New Canadian forced to defer university education twice after lengthy government delays


A new Canadian was forced to alter his future plans in Nova Scotia after waiting nearly a year for his permanent resident application to be processed and approved.

“I had to defer my degree because I haven’t gotten it (permanent resident card) in September and I deferred it to January, but then of course in January, I haven’t received anything,” A B M Naimul Islam said.

Born in Bangladesh, Islam first came to Nova Scotia on a study permit in 2015 to earn his university degree at Saint Mary’s University in Halifax.

After he completed his degree, he applied for a three-year work permit which expires in August 2021.

Islam says after earning his initial degree he decided to settle in Nova Scotia and advance his education by pursuing a second degree.

He says all of his plans were contingent on him receiving his permanent resident card, for which he applied in March 2020.

According to Islam, he received notification that his application was received in March 2020 and that it would take six months to process.

He says his online application form stated he should have his PR card by September 23, 2020.

However, he says September came and went without a response.

“It’s been very difficult, no certainty about anything. So, I’m not being able to move forward and also I’m planning to go to school to do a second degree but again, everything is stuck at this point,” he said.

Islam says he requested information about the delay and received ‘generic emails’ stating that some Immigration, Refugees and Citizenship Canada (IRCC) offices are working with ‘critical staff’ only because of COVID-19.

“Their explanation for everything is COVID and reduced hours. My question is if you are that overwhelmed with applications then why are you taking more applications?” he said.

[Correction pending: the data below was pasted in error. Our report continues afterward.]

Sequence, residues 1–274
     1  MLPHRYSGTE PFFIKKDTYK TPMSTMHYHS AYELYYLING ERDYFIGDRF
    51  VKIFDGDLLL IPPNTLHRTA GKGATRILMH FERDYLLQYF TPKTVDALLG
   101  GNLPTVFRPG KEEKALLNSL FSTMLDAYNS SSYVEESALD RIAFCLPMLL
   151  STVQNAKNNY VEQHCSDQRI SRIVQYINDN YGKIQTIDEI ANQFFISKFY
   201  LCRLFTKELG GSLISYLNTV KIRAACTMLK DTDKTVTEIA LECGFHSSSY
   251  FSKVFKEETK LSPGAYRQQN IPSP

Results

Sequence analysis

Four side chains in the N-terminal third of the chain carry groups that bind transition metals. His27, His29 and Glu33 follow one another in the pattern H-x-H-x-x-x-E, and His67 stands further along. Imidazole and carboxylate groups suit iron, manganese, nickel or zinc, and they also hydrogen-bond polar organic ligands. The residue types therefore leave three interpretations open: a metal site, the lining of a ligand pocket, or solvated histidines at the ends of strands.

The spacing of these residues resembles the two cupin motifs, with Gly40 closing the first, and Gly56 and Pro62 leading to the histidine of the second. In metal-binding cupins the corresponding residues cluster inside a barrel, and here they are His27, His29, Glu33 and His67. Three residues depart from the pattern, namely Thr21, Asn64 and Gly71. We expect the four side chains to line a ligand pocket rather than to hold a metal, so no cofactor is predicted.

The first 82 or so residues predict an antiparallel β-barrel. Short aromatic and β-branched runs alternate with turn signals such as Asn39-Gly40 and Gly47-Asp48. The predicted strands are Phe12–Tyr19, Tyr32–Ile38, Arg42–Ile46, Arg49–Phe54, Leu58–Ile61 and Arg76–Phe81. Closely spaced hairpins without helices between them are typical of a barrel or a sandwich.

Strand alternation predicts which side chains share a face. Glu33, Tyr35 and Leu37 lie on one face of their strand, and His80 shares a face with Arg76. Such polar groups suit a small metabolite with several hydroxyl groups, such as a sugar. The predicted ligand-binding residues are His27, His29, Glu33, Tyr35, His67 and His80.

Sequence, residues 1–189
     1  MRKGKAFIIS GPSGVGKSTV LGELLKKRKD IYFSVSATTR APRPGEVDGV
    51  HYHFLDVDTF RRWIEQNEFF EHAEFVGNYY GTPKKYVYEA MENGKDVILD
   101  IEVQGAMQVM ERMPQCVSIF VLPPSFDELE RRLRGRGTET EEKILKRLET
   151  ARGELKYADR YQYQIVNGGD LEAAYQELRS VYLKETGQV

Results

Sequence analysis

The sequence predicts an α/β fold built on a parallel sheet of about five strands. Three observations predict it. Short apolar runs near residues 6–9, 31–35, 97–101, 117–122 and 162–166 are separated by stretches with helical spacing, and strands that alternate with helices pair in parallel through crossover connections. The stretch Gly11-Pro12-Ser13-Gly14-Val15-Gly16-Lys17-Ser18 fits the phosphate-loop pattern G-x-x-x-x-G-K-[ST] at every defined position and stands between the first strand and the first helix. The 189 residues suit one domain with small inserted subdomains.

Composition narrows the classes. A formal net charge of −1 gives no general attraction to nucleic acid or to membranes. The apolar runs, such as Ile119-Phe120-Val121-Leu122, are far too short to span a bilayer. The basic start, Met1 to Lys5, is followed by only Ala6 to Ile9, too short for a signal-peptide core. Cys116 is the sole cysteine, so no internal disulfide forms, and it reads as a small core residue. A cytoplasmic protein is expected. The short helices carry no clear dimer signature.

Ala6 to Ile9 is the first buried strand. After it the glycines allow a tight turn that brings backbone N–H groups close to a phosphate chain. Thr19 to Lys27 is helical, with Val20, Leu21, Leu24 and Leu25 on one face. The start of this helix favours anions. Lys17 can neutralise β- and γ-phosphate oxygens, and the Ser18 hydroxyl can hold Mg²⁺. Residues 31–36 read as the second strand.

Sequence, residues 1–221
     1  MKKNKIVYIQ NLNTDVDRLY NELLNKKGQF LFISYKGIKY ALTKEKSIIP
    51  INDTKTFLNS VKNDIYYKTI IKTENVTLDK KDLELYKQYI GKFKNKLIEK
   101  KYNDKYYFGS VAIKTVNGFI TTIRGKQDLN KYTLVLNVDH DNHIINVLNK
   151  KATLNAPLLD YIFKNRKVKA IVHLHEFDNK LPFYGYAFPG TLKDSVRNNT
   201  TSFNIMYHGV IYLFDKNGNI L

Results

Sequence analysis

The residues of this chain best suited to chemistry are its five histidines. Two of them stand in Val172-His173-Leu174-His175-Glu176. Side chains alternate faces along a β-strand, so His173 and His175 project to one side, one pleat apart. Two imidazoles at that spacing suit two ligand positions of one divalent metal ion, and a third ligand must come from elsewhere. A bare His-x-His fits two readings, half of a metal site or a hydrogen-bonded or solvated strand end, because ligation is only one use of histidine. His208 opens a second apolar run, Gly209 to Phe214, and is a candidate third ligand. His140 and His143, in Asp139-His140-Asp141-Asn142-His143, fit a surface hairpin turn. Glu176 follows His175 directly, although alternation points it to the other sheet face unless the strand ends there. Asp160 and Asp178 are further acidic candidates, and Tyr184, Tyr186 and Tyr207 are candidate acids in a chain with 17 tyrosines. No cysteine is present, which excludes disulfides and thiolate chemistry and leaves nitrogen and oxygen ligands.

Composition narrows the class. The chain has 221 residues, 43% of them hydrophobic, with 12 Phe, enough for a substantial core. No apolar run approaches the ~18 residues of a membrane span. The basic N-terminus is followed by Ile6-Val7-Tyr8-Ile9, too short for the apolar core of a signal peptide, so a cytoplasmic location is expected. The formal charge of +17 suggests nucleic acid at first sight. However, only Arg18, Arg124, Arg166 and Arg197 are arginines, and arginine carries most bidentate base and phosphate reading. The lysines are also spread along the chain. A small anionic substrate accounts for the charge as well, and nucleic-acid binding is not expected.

Global News contacted the IRCC on Feb.16 to ask why Islam’s PR application was taking nearly a year to process. On Feb. 18, Islam received confirmation from the IRCC that his permanent resident application has been completed.

In a follow-up email, the IRCC says Islam’s application was approved in October 2020 and that it had taken until Feb. 18 to finalize and grant him status as a permanent resident.

“It is important to note that the processing timeframes outlined on our website serve as a guideline only. Additional processing time is sometimes required,” Lauren Sankey, a communications adviser with Immigration, Refugees and Citizenship Canada, wrote in the email.

Sankey writes that the actual time it takes to process individual applications varies due to a number of different factors, including how easily IRCC can verify the information and how quickly applicants respond to additional information requests.

Islam says he was repeatedly told that all of his necessary information had been received and that it was just a matter of waiting for his application to be completed.